Return to Waterloo caused a considerable rumpus within The Kinks,especially agitated was Dave Davies who felt ‘the solo project' was taking up to much of brother Ray's time,when he should be focusing on The Kinks and making the most of their new lease of life as an 1980's stadium rock band (Dave may have had a point,the band stopped touring in order to complete the film's soundtrack and their next album sold badly compared to their recent output). The film itself wasn't free of interference either,Davies later claimed that the film's backers were uneasy about the content,specifically they felt The Traveller should be sympathetically depicted which may explain why the film remains somewhat cryptic over whether he really is the ‘Surrey rapist'. There is the Soap Opera-like implication that the whole thing is the delusion in the mind of a sad,unimportant little man dreaming he's a serial killer (or in the case of Soap Opera a rock star) in order to escape his suitably drab day-to-day existence. A few years later Davies would revisit the story (a Return to Return to Waterloo,if you like) in his book Waterloo Sunset which firmly paints The Traveller as the guilty party and includes graphic details which would have been unthinkable for TV broadcast in the mid-Eighties. Even in the slightly compromised film version however Return to Waterloo disturbs far more than many British horror films of the period,and amusingly–although surely unintentionally-the film shares the concept of a bored train passenger drifting off into a series of wild fantasies with Derek Ford's Diversions a.k.a. Sex Express. Well worth searching out,Return to Waterloo remains shamefully neglected in its country of origin,it's rarely been repeated by Channel 4,is hard to track down on video and is only available on DVD in the US.
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An underrated masterpiece of the 80's
purrshaped27 April 2008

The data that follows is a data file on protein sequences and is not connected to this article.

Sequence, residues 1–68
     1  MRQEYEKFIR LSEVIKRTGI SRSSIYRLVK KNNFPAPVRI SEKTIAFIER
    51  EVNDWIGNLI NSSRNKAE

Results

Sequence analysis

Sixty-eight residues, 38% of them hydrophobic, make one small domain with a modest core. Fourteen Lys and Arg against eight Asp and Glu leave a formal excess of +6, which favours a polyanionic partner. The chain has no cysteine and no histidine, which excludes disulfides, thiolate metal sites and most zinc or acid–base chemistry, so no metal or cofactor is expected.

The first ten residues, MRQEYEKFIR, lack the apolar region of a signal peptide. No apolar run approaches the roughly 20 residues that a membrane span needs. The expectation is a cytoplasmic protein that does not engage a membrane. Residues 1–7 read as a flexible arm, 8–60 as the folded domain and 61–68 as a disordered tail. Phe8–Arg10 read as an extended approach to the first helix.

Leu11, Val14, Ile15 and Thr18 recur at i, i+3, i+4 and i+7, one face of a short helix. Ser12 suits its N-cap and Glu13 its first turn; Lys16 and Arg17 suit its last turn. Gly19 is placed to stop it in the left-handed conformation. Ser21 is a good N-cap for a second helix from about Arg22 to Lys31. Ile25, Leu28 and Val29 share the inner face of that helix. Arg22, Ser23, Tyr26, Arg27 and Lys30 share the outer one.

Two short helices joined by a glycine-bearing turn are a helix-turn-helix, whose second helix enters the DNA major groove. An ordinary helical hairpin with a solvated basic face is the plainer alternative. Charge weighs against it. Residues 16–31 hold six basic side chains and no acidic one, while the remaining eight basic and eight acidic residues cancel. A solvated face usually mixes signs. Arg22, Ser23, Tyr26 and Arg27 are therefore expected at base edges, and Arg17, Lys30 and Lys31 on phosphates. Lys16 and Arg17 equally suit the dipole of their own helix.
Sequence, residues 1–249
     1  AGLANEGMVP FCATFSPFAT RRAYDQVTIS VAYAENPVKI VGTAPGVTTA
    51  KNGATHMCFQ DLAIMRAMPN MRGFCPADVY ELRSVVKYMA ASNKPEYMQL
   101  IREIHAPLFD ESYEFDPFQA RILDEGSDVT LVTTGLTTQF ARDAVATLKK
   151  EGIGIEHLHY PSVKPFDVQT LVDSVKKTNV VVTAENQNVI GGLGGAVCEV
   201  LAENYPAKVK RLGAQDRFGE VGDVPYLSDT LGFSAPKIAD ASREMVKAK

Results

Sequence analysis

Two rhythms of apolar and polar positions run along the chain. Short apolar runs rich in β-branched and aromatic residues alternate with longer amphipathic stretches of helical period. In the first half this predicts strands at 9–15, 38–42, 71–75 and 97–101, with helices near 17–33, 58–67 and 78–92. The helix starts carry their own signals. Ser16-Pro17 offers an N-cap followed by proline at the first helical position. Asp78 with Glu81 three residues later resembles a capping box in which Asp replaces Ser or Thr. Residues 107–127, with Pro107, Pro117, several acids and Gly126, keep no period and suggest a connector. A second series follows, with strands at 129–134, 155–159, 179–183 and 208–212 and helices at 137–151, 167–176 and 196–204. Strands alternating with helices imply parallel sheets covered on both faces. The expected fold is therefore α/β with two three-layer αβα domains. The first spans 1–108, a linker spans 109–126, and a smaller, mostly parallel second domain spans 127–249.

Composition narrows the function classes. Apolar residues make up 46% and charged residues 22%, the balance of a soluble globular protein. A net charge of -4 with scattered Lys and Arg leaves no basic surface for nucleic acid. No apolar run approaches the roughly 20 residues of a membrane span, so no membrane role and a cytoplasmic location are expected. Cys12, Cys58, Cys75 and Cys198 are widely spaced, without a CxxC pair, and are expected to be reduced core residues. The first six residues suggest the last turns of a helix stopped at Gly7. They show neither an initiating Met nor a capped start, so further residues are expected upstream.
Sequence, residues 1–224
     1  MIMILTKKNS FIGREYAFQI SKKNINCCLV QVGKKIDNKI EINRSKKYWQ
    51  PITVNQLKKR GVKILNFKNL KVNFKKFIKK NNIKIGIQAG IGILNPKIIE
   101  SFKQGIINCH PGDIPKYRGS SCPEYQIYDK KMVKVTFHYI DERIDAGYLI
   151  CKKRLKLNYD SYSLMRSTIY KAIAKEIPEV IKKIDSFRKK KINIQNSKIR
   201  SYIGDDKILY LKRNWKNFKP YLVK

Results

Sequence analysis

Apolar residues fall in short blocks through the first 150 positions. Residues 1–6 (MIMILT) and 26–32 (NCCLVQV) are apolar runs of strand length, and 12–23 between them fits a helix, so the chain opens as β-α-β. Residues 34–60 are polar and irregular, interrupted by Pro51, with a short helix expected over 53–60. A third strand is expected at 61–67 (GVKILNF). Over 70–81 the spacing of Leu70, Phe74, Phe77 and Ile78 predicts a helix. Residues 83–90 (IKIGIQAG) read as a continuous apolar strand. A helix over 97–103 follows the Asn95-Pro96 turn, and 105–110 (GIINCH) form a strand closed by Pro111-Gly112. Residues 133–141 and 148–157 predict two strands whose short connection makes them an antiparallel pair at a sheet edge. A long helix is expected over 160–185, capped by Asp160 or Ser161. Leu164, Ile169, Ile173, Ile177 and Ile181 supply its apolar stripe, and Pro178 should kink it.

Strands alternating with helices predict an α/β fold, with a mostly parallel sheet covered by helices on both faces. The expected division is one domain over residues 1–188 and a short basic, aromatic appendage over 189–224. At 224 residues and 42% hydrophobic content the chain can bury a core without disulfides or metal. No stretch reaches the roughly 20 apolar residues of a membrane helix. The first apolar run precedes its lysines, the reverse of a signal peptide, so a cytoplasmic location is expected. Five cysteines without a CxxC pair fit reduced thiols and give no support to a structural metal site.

Ray Davies' Return To Waterloo should stand up in British culture at least as high as The Who's Tommy and even Pink Floyd's The Wall.

The saying " the mass of men lead lives of quiet desperation" Has always been specifically applied to the British middle classes, and never more so that to Ken Colley's rendition of the Traveller, continuing his daily pilgrimage to Waterloo, to his Estate Agent's Job in the centre of London, despite his possible mental breakdown , or the more disturbing realisation that he may ( or may not ) be the sought after Surrey Rapist.

Like any Rock Opera, what makes this production is the quality of the songs, from the kids at the platform mickying "ladder of success," to the hauntingly beautiful ( and tearfullly sad ) "Have you seen this face" Davies manages to keep many possibilities and happenstances open, until you are unsure if what you are seeing from the Traveller is a collection of morning train daydreams, the visions of a fast decaying mind, or guilt aligning itself to reality and cognisance and the necessary reparations.

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Will I reach my destination?
kryan-13 April 2001
A splendid musical drama which reflects on the fantasies and frustrations of suburban commuter Ken Colley. It's certainly a film which has to be watched several times but you don't have to be a Kinks fan to appreciate it, because the music narrates the story. We are left to wonder whether Ken Colley as the commuter is undergoing a nervous breakdown or whether he is immersed in fantasy. We get a picture of a man who's daughter has run away from home. He is cheating on his wife and someone who has lost his job but is pretending to still have one by sitting in Hyde Park all day and coming home at the regular time. Childhood dreams and aspirations of success when younger have not materialised and our commuter realises he is a faceless non entity who has reached the pinnacle of his career and escapes into fantasy to alleviate the mundaneness of existence.
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I think this film is fantastic
Grant-1626 March 1999
This film very haunting, especially the songs, (which are not available on any Kinks album. The actors are brilliant, especially Tim Roth as the young punk, he takes on a very powerful role in the film. The script is good as well, it is sometimes scary, sometimes funny. Overall I think this film is fantastic.